The median age in Danbury is the highest among Connecticut’s largest cities, just slightly older than Stamford, and nearly nine years older than New Haven, according to a new analysis by TIME magazine.

Across the country, Boca Raton, Fla., has a median age just over 50 years old — much higher than America’s median age of 37.9. At the opposite end of the spectrum, the college towns of Flagstaff, Ariz. and College Station, Texas have median ages near 23 years old, according to 2016 Census data for cities with more than 65,000 people.

Connecticut’s largest cities, by population, are Bridgeport, New Haven, Stamford, Hartford, Waterbury, Norwalk, Danbury, and New Britain.

Danbury, at 39.7, and Stamford’s at 37.9, the oldest among Connecticut’s largest cities, based on median age of their residents.  Stamford’s median parallels the U.S. as a whole.  The median age or residents of Norwalk is just slightly lower, at 37.7.

The median age in New Britain is 36, in Bridgeport and Waterbury it is 34.  Somewhat younger median ages are in Hartford, at 31, and in New Haven, nearly identical at 30.8.

Among the cities, Norwalk and New Britain have the largest percentage of their populations between age 60 and 79, both with 17 percent.  New Britain and Stamford each of 4 percent of their population age 80 or older; in Danbury it is 5 percent, the highest percent among the cities.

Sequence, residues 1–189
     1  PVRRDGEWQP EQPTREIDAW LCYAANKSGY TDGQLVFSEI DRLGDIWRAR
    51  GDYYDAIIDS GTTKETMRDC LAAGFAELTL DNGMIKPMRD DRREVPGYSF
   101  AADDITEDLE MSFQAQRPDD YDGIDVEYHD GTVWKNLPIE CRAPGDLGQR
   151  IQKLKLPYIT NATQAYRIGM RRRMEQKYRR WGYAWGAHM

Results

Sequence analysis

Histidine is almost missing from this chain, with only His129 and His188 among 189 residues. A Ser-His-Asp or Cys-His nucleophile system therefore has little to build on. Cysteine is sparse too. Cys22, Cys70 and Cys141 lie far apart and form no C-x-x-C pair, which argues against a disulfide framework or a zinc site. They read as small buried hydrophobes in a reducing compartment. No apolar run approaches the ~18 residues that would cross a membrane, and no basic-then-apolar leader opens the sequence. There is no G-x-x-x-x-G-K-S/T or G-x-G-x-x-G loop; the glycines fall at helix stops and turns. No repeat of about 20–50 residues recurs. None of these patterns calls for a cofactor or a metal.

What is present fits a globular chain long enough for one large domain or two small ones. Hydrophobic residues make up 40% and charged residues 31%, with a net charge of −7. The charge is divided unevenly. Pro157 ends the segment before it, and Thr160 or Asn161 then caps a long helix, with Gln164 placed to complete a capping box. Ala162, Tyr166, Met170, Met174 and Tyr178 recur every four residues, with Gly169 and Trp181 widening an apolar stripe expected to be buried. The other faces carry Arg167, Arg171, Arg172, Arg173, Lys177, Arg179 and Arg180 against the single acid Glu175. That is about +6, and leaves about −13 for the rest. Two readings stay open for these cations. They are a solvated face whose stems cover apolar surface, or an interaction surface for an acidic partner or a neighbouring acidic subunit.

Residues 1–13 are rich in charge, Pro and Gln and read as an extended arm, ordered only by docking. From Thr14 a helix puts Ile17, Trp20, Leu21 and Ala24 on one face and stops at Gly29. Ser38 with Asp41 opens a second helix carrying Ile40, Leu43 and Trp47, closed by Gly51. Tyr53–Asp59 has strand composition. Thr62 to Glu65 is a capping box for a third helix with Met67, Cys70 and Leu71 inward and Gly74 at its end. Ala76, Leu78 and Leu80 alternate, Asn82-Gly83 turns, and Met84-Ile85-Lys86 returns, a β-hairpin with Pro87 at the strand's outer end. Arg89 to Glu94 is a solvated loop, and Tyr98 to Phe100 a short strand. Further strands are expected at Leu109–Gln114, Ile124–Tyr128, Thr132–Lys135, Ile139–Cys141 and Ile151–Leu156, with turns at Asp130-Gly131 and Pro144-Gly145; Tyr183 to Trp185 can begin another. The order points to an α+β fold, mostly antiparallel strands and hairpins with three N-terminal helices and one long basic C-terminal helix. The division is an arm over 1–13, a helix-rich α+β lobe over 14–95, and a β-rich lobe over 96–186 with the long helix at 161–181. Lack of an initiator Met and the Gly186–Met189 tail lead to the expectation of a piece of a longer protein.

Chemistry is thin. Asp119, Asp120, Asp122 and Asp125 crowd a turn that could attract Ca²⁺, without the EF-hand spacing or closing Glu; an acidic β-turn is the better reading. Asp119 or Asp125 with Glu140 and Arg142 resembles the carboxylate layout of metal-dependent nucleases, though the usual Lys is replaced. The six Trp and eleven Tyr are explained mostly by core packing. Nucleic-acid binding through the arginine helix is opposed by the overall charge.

Hartford has the largest percentage of residents age 20-39, at 33 percent, and under age 19, at 30 percent.  That’s 63 percent of the population, nearly two-thirds, under age 39.  In Bridgeport that  percentage is 58 percent, in Norwalk it is 53 percent and in Danbury, just over half at 51 percent.

In each of the eight largest cities, with the exception of Danbury, the largest population block is those age 20-39.  The largest is in New Haven, at 34 percent.  Danbury’s largest block of residents is in the 40-59 age group, at 29 percent.

While college towns and retirement communities represent extremes, there are also age trends in urban and suburban areas, says William Frey, a senior fellow at the Brookings Institution’s Metropolitan Policy Program.

“Suburbs are aging more rapidly than cities, due to the fact that baby boomers were a big part of the suburbanization of the United States in the ’50s and ’60s,” he told TIME. “They grew up there, and now they’re like anchors of the suburbs.”

Cities, meanwhile, continue to draw millennials, though Frey believes that’s less about preference, and more about barriers to home ownership following the recession. “I think the jury’s still out on whether the millennial generation will move to the suburbs,” Frey says.

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